COP28 unleashes unprecedented momentum to decarbonize heavy emitting industries
Steel, cement and concrete – high emitting industries that are essential to tackling climate change yet are the hardest to decarbonize – are now at the centre of the industrial decarbonization agenda thanks to the momentum built before and during COP28.
To achieve global climate goals, carbon emissions from steel, cement and concrete need to decrease by more than 90% by 2050. The collective action secured at COP28, which UNIDO has been central in driving, promises to bring the steel, cement and concrete industries closer to achieving this goal.
Early on in 2023, the COP28 Presidency identified the need to move industrial decarbonization forward, and it identified green public procurement as a priority. In collaboration with the Industrial Deep Decarbonisation Initiative (IDDI), the COP Presidency has taken targeted steps to raise this ambition throughout the year, using its Letter to the Parties to call on countries to commit to IDDI’s Green Public Procurement Pledge (GPP), and pushing for delivery on industrial decarbonization during COP28 itself.
A multi-billion-dollar demand signal
During the global summit, Canada, Germany, the US and the UK – governments with huge buying power – ramped up their commitments to buy low and near zero emission steel, cement and concrete when they became the first four countries to adopt timebound procurement goals under the GPP Pledge.
“The leadership from these four countries is hugely important,” said Fiona Skinner, who coordinates the IDDI. “They are the first movers, and what they are doing is ground breaking – they are not only pushing for deployment of and innovation in technology, they are pushing for innovation in the procurement process itself.”
By making their pledges at COP28, the four governments are sending a powerful multi-billion demand signal to steel, cement and concrete manufacturers as to the commercial viability of investing in the low carbon technologies that are needed to produce low and near zero emission products. Three other governments – Japan, the United Arab Emirates (UAE) and the Federal Government of Austria – also signalled their intent to sign the GPP pledge.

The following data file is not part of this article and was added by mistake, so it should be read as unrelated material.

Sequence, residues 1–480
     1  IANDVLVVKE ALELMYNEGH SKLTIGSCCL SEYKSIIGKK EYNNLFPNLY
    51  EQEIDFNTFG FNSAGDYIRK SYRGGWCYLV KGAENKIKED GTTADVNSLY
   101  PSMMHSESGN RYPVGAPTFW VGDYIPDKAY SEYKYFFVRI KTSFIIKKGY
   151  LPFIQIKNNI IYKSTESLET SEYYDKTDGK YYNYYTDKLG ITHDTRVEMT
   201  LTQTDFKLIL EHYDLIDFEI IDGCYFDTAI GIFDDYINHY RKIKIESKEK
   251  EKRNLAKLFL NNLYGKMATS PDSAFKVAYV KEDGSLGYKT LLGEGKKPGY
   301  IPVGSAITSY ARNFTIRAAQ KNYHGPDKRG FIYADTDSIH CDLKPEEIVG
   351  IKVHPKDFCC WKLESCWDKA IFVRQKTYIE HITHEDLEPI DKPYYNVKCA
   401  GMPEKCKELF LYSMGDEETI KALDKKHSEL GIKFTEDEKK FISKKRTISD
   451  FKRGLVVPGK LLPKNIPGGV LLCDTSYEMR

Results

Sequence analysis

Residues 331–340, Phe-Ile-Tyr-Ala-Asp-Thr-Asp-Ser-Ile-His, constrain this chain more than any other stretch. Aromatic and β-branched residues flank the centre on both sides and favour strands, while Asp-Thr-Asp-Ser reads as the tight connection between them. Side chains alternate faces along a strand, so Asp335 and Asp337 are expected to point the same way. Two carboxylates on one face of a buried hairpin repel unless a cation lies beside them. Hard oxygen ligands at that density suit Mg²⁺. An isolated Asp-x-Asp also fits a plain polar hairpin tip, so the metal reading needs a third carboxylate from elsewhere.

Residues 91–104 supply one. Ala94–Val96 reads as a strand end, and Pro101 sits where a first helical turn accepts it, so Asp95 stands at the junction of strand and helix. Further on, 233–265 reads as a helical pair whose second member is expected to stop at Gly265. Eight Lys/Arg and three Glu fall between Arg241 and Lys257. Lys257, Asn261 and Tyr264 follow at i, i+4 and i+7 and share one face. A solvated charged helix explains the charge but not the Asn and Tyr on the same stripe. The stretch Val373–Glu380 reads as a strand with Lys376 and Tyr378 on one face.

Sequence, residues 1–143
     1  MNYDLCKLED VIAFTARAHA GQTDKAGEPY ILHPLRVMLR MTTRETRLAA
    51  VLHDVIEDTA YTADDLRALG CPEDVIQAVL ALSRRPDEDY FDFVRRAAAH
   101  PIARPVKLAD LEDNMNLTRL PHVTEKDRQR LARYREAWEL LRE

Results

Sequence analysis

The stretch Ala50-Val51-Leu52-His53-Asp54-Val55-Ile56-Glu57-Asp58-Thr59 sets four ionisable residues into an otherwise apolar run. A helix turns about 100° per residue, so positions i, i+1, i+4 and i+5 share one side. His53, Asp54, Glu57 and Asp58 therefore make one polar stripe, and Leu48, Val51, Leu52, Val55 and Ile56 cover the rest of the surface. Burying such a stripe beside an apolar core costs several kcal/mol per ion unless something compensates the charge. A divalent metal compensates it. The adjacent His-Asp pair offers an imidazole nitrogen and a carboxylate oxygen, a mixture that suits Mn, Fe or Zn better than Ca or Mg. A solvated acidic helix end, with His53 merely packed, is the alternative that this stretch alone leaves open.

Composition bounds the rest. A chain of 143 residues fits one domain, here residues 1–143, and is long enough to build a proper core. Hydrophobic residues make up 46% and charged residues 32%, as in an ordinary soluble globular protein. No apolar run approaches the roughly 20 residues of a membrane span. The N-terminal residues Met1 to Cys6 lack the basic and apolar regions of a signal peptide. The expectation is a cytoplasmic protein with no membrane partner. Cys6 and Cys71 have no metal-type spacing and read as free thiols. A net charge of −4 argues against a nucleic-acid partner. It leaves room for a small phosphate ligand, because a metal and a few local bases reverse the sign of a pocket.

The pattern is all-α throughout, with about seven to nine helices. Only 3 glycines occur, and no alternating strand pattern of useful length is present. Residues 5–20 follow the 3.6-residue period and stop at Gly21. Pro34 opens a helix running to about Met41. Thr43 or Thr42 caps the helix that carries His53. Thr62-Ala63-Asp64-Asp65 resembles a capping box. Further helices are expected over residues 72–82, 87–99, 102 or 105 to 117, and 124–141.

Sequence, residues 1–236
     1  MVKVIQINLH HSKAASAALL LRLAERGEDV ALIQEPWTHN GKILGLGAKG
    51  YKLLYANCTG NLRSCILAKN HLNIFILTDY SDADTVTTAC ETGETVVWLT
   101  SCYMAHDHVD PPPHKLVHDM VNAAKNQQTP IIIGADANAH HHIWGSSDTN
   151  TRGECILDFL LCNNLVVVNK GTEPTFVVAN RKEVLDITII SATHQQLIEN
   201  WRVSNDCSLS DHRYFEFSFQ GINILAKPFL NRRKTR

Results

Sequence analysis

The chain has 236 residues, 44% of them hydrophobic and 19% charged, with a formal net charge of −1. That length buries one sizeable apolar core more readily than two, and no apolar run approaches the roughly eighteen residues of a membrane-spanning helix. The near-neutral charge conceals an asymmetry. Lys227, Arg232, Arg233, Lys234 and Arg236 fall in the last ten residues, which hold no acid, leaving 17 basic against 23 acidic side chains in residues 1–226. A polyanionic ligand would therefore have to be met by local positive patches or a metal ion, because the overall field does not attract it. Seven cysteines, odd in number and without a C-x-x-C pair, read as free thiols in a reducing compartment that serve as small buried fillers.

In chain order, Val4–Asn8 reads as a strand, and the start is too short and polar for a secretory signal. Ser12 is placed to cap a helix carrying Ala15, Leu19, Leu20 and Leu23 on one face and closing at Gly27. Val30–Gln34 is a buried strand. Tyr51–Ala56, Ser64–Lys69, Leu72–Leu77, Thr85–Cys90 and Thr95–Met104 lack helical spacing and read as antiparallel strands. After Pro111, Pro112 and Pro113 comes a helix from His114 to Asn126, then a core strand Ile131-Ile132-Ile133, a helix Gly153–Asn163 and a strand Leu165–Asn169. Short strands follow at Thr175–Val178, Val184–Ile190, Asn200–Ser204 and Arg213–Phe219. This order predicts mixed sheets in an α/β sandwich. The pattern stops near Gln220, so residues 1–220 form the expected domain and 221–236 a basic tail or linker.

Fiona adds: “National and sub-national governments are increasingly aware of the need to use policies such as the GPP pledge as levers to make urgent progress on decarbonization. During the climate summit many expressed an interest in committing to buying low carbon or near-zero emissions materials. Through 2024 we will double down on our efforts to give governments the examples and tools they need to transform their procurement systems, and we hope to bring many more governments on board.”
The private procurement of low and near zero emission steel, cement and concrete was also given a boost after the First Movers Coalition, the world’s largest private sector group working to galvanize a demand signal for emerging climate technologies, used COP28 to announce that coalition members have signed 94 offtake agreements to buy emerging climate technologies, including those relating to heavy emitting industries.
Also on the procurement side, the Breakthrough Agenda, a collaboration between the International Energy Agency, the International Renewable Energy Agency and UN Climate Change High-Level Champions, announced a new set of 2024 priority actions for steel. Canada and the UAE launched a Breakthrough Agenda for cement and concrete, and France and Morocco launched the Buildings Breakthrough.
Robust steps towards a harmonized system for emissions accounting